Continue reading #ETCW2019 (Day 1)



Wait, no. Not Batman. NaNoWriMo!

This month for NaNoWriMo, I’m shooting for One Writerly Thing every day.

Yesterday, I beta-read a short story for my Indyscribes pal Stephanie Cain, which was great fun (as always). It’s part of her Circle City Magic universe.

Today, I did some poking around and thinking about a call for submissions from Rhonda Parrish for an upcoming anthology called “Grimm, Grit, & Gasoline.”   From the description:  Continue reading NaNoNaNoNaNoNaNo NaNoNaNoNaNoNaNo… BAT-MAAAAN

The Unstickening, Part II

So, a big part of my being-stuck problem on the RSWIP (Romantic Suspense Work In Progress) was not really having an antagonist, which meant my characters were just wandering around bickering for no reason without any escalation of stakes. They had lots of problems, of course, just not the kind of antagonist-driven conflict that makes things, you know… interesting.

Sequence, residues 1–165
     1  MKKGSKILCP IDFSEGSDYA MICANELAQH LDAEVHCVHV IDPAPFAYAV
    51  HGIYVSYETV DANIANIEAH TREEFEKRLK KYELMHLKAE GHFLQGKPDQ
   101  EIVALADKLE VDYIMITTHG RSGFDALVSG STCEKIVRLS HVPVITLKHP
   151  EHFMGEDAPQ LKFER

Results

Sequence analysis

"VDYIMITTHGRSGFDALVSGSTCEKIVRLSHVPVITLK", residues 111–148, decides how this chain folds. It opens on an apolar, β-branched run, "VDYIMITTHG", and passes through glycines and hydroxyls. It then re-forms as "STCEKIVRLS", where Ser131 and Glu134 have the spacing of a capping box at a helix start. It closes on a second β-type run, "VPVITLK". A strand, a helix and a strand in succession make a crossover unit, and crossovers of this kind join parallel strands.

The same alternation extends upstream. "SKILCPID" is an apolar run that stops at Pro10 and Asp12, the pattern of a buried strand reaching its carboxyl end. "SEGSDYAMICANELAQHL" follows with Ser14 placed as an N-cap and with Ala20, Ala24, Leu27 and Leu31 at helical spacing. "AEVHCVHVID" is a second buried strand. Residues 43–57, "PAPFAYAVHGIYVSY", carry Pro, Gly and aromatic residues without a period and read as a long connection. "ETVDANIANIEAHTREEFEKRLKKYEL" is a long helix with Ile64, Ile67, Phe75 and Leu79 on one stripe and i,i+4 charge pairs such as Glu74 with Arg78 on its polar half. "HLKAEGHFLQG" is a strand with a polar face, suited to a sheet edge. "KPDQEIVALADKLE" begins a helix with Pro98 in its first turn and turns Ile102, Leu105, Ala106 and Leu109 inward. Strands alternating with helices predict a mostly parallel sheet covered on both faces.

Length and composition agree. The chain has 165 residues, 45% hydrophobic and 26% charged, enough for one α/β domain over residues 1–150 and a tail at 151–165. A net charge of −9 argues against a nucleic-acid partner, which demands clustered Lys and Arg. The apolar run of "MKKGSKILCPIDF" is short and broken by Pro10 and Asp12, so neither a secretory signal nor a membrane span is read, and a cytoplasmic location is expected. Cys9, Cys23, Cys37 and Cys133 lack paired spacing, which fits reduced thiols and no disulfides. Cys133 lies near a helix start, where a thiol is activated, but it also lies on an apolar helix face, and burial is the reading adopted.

I found that it helped to do some outlining – but it also clarified that my lack of antagonist clarity was a big problem. So I did it again!

I treated the antagonist as if she were the protagonist (don’t most antags think they’re the protag anyway?) and went through the same steps.

This was really helpful at showing me where my antagonist was doing things that made sense for her (Act I) and where she wasn’t (uh…. Acts II and III), and helped me think about whether my antagonist WAS my antagonist, or whether she was a minion (still not 100% sure, even though I’m calling her my antag now).

I’m not sure I have many answers, but I think at least now I know the right questions to ask next time my writing partner and I get together.